Properties of the natural housing of honeybees
Species-appropriate hives should show the essential characteristics of natural tree hollows, which serve the state-forming honey bee for 40 million years as housing. In the process of evolution, the behaviour of bees has adapted perfectly to the characteristics of such cavities.
We know the physical properties of tree cavities: They have excellent thermal insulation, which in my opinion plays a major role. Furthermore, there is no significant natural ventilation and water vapour diffusion plays no role due to the large wall thicknesses (at least not for the removal of moisture to the outside). Thanks to Tom Seeley and Roger Morse (The Nest Of The Honey Bee), we know the geometry of the tree cavities used for bee nests.
Realization of the properties of the tree hollow in hive construction
Of course we do not have to implement all properties 1:1 in hive construction. In order to still be able to handle the hives we have to make compromises. For example, we can do without hanging them in the trees at a height of 10m. The preference of the honey bee for such altitudes might be owed primarily to the protection from robbers. The beekeeper can also achieve this protection in a more practical way. Also we do not have to hold the bees compellingly in massive log hives. We can achieve the effectiveness of such massive wooden walls also more handy.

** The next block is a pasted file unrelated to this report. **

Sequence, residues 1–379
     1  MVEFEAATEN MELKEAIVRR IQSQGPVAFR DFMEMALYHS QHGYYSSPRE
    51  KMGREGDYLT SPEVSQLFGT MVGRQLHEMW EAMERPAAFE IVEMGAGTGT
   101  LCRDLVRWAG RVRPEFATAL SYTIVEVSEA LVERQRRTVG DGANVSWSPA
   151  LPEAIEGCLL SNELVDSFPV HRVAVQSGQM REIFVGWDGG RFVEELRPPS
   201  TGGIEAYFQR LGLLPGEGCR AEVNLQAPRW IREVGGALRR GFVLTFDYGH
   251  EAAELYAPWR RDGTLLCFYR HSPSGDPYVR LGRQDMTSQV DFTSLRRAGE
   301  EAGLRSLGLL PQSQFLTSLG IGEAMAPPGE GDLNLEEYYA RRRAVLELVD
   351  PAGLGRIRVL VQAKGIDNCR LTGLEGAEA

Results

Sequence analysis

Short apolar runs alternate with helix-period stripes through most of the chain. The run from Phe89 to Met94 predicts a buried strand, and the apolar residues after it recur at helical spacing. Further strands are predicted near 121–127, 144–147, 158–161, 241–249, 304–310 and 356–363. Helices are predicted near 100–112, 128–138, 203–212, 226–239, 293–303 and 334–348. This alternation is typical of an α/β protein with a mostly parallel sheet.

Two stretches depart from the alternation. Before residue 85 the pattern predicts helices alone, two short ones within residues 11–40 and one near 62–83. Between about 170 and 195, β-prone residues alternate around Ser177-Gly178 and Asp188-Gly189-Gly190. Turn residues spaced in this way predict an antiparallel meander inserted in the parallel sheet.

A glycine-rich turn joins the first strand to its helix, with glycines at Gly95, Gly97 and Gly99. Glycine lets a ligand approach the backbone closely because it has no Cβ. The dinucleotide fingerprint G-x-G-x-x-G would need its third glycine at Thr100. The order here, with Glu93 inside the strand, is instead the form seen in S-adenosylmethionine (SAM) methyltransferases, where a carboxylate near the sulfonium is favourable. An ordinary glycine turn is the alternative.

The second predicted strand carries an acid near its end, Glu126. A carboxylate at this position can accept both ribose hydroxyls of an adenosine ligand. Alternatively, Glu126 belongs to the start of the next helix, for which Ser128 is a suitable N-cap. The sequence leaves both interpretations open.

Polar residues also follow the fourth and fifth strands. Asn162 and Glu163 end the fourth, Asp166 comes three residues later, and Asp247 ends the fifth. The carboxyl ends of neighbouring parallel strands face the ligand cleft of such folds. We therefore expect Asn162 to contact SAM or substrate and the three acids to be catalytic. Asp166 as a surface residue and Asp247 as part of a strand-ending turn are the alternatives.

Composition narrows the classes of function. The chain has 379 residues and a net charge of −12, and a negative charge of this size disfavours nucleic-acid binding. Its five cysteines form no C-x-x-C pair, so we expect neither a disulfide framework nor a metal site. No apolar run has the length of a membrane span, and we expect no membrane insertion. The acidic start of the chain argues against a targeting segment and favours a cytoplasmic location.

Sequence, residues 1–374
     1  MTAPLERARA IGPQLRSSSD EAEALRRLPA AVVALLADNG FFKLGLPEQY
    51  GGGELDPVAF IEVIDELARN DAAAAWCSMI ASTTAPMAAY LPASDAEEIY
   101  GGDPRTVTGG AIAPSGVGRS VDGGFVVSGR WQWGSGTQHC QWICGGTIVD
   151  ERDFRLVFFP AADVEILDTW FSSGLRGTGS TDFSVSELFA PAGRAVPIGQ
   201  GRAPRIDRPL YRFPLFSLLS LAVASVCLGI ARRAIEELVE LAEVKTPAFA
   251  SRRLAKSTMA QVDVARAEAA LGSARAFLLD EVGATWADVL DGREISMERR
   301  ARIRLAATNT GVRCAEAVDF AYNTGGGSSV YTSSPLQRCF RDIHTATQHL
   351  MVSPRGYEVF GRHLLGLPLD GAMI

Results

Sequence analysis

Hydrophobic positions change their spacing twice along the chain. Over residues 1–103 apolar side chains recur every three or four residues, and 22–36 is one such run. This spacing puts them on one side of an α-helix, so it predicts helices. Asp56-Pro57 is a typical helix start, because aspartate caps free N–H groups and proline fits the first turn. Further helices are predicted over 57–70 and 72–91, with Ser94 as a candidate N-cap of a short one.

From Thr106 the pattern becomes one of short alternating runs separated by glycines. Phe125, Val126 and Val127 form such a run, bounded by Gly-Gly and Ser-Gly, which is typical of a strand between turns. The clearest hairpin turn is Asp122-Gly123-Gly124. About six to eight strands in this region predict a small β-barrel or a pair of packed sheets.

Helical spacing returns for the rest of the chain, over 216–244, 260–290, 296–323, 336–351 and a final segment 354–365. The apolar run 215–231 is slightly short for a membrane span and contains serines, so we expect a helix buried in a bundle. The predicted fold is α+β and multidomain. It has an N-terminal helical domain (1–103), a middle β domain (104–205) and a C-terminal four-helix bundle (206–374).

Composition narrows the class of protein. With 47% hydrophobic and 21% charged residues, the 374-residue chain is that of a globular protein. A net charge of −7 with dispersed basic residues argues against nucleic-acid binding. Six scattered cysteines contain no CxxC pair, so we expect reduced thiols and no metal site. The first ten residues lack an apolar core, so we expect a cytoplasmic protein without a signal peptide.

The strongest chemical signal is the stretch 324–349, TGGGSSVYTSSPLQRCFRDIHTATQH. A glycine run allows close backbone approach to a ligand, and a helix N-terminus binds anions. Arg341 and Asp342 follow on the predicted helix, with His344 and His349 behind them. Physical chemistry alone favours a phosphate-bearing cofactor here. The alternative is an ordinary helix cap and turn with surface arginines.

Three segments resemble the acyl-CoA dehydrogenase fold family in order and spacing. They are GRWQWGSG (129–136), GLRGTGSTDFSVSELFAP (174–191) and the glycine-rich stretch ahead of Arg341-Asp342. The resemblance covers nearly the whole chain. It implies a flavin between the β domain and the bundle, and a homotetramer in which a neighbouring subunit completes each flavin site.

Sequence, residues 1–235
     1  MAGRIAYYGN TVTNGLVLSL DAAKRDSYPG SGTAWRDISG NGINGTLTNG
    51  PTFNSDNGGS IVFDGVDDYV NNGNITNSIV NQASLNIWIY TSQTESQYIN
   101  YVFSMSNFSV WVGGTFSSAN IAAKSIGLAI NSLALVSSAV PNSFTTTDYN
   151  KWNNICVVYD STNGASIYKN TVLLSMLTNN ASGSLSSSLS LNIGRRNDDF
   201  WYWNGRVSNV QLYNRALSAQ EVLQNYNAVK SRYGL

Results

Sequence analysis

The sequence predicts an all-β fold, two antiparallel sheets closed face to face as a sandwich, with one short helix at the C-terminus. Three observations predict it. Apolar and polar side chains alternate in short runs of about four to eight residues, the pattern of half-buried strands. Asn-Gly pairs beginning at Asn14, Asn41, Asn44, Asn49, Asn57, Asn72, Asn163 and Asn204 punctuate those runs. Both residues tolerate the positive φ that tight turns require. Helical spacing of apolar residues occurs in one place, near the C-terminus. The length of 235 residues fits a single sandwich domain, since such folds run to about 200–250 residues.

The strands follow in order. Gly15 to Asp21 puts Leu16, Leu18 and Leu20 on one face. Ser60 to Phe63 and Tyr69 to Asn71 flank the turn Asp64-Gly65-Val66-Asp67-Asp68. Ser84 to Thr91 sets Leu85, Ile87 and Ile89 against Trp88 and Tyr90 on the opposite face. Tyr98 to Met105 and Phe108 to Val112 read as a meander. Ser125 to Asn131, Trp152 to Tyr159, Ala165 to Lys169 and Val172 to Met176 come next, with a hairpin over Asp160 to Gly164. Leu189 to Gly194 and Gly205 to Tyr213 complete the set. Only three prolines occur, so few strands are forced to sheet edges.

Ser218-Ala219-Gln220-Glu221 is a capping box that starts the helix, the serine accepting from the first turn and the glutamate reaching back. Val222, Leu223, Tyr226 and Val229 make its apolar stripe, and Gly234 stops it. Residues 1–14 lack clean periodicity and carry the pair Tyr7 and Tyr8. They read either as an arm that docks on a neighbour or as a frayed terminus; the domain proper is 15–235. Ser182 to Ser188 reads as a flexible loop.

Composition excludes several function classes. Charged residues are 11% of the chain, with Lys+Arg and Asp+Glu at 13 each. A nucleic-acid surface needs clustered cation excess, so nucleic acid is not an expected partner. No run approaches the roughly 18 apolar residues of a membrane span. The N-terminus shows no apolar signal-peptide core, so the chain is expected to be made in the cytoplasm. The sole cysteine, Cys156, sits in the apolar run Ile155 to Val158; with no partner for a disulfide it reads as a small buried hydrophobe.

Criteria for a species-appropriate bee hive
The most important criterion for me for a species-appropriate bee hive is a good thermal insulation. Especially because the problem of high humidity in modern hive systems is the result of inadequate thermal insulation. There is a high air humidity and condensation water in the lower areas of the cavities, but not in the sensitive areas of the honeycomb construction (brood and honeycomb). If there is little or no external insulation, condensation will already occur in the honeycomb structure. And exactly this I consider problematic for the bees.
In my opinion, a species-appropriate bee hive should have the following criteria:
- side walls and lid with insulation (ideal because of their sorption ability: hemp insulation wool or sheep wool)
- no using of frames
- closed bottom
- use of natural materials
- one entrance tunnel in the lower area
- only one brood chamber
- slim geometry